Andrea Kremer Joins NFL Network

Andrea Kremer’s sports media career has come full circle. The former ESPN and NBC personality, who worked at NFL Films in the late 1980’s, has officially joined NFL Network as a special correspondent. Pictured: Kremer and the late NFL Films President Steve Sabol (photo credit: Kremer).

The ever-growing roster of notable personalities on NFL Network has grown yet again.

The network has officially added Andrea Kremer as a chief correspondent, who will mostly be reporting on health and safety issues regarding NFL players, but will likely turn up on various NFLN programming as warranted.

Network executive producer Eric Weinberger says Kremer will do “an outstanding job” focusing on player health and safety concerns, an area he says is “a key initiative for NFL Network.” He also praised Kremer’s vast body of work covering the league, a resume that spans four decades. “Andrea’s journalistic credentials, particularly in regards to reporting on the NFL, speak for themselves,” said Weinberger, “and we’re thrilled to add her talents to NFL Network.”

Kremer was actually affiliated with NFLN since last year, as she had done some segments for programs such as “NFL GameDay Morning.” She wrote a touching tribute to Steve Sabol, the NFL Films President who passed away at age 69 after a bout with brain cancer. “I can safely say that I would not be where I am today… without [him]”, she penned two days after his death.

Indeed, this will actually be the second time she’ll be a league employee, as she was hired by NFL Films in 1984, working as a producer and on-air talent for programming including “Inside The NFL” and “This Is The NFL.” After five years, the Philadelphia native made the jump from being NFL Films’ first female producer, to the first female correspondent for ESPN, as she joined the network in 1989, and would work various assignments among the Worldwide Leader’s landmark programs such as “SportsCenter” and “Outside The Lines,” and pick up a couple of Emmy Awards (2001, 2005) along the way. The year after winning her second statuette, Kremer left ESPN after seventeen years and landed at NBC, where she became the sideline reporter for the network’s then-new weekly primetime NFL broadcast, “Sunday Night Football.” She also worked with NBC Sports for their coverage of the 2008 Summer Olympics in Beijing and the 2010 Winter Olympics in Vancouver. Despite the network replacing her on “SNF” in favor of Michele Tafoya, Kremer was part of NBC’s coverage of the London Olympics earlier this year.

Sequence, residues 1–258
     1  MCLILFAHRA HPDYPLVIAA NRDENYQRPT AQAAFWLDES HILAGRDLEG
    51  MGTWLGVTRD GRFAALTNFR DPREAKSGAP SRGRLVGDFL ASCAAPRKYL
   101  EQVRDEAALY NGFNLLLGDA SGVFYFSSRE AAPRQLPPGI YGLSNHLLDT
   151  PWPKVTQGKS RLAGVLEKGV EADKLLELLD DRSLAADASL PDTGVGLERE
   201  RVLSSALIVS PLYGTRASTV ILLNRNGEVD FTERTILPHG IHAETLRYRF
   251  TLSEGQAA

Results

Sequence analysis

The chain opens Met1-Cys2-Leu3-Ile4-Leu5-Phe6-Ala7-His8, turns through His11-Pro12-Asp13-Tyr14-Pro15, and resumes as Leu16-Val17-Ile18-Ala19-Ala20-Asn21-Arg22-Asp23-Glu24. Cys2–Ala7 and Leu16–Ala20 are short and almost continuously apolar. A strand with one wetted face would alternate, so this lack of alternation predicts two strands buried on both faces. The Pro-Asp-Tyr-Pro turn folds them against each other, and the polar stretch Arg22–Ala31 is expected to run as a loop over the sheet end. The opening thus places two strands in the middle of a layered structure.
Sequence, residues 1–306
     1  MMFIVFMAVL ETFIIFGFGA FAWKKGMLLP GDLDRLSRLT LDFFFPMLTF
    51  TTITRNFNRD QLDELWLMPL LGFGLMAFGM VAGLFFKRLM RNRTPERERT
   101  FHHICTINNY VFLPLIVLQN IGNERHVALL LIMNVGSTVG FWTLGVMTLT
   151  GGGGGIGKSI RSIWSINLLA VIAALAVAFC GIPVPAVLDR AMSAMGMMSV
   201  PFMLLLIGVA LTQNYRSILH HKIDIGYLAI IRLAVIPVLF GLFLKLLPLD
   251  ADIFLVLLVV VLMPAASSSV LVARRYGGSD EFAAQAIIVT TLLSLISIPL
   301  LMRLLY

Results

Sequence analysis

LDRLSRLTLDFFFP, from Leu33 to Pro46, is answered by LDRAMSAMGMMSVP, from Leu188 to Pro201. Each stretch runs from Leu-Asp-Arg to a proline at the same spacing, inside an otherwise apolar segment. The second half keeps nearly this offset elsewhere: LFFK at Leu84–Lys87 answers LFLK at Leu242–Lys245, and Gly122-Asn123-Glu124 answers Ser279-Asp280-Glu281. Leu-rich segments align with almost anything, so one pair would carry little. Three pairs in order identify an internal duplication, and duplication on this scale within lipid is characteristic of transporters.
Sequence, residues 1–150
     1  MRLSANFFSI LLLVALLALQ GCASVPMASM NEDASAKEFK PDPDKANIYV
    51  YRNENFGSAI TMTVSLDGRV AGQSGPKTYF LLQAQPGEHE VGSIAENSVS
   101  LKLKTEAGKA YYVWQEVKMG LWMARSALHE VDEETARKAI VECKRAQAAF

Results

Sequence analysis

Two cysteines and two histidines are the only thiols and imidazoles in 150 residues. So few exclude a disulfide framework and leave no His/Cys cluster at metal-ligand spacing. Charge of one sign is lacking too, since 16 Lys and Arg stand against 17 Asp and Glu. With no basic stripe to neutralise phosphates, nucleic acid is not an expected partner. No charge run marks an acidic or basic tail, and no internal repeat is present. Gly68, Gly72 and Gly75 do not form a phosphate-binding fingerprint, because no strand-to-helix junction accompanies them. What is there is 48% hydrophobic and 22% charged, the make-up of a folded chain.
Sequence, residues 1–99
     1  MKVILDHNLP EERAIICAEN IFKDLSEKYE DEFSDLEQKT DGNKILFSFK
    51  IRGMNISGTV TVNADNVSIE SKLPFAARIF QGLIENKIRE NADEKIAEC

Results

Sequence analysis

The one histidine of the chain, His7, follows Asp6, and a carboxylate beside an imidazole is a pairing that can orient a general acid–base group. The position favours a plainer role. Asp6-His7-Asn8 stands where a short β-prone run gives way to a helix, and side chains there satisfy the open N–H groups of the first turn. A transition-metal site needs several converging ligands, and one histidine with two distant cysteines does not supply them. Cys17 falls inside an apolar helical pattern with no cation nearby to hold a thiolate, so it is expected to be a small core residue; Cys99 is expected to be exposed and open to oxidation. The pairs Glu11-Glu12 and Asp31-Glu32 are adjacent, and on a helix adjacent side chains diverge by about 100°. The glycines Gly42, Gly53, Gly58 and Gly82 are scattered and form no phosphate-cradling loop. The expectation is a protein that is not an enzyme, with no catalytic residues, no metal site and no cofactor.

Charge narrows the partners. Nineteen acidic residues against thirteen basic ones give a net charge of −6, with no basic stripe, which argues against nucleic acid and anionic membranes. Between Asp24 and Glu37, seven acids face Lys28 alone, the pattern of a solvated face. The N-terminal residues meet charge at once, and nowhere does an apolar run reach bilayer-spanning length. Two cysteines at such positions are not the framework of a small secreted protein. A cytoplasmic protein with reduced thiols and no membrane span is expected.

Kremer’s also kept busy over the last five years as a correspondent for HBO’s “Real Sports With Bryant Gumbel,” a role that is expected to continue.

In addition to Kremer’s recent work for NFL Network, she was also a contributor to the league’s monthly publication, “NFL Magazine,” which launched late last year, but folded this past spring after just four issues.

While Kremer will be appearing on various NFL Network programs, don’t expect the former “SNF” sideline reporter to replace Alex Flanagan on “Thursday Night Football.” The vibe is that she may not be open to working in the same capacity again.

At any rate, it’ll be refreshing to have Andrea Kremer’s presence on NFL Network, three decades after she was a groundbreaking employee of NFL Films.

Who says you can’t go home again?

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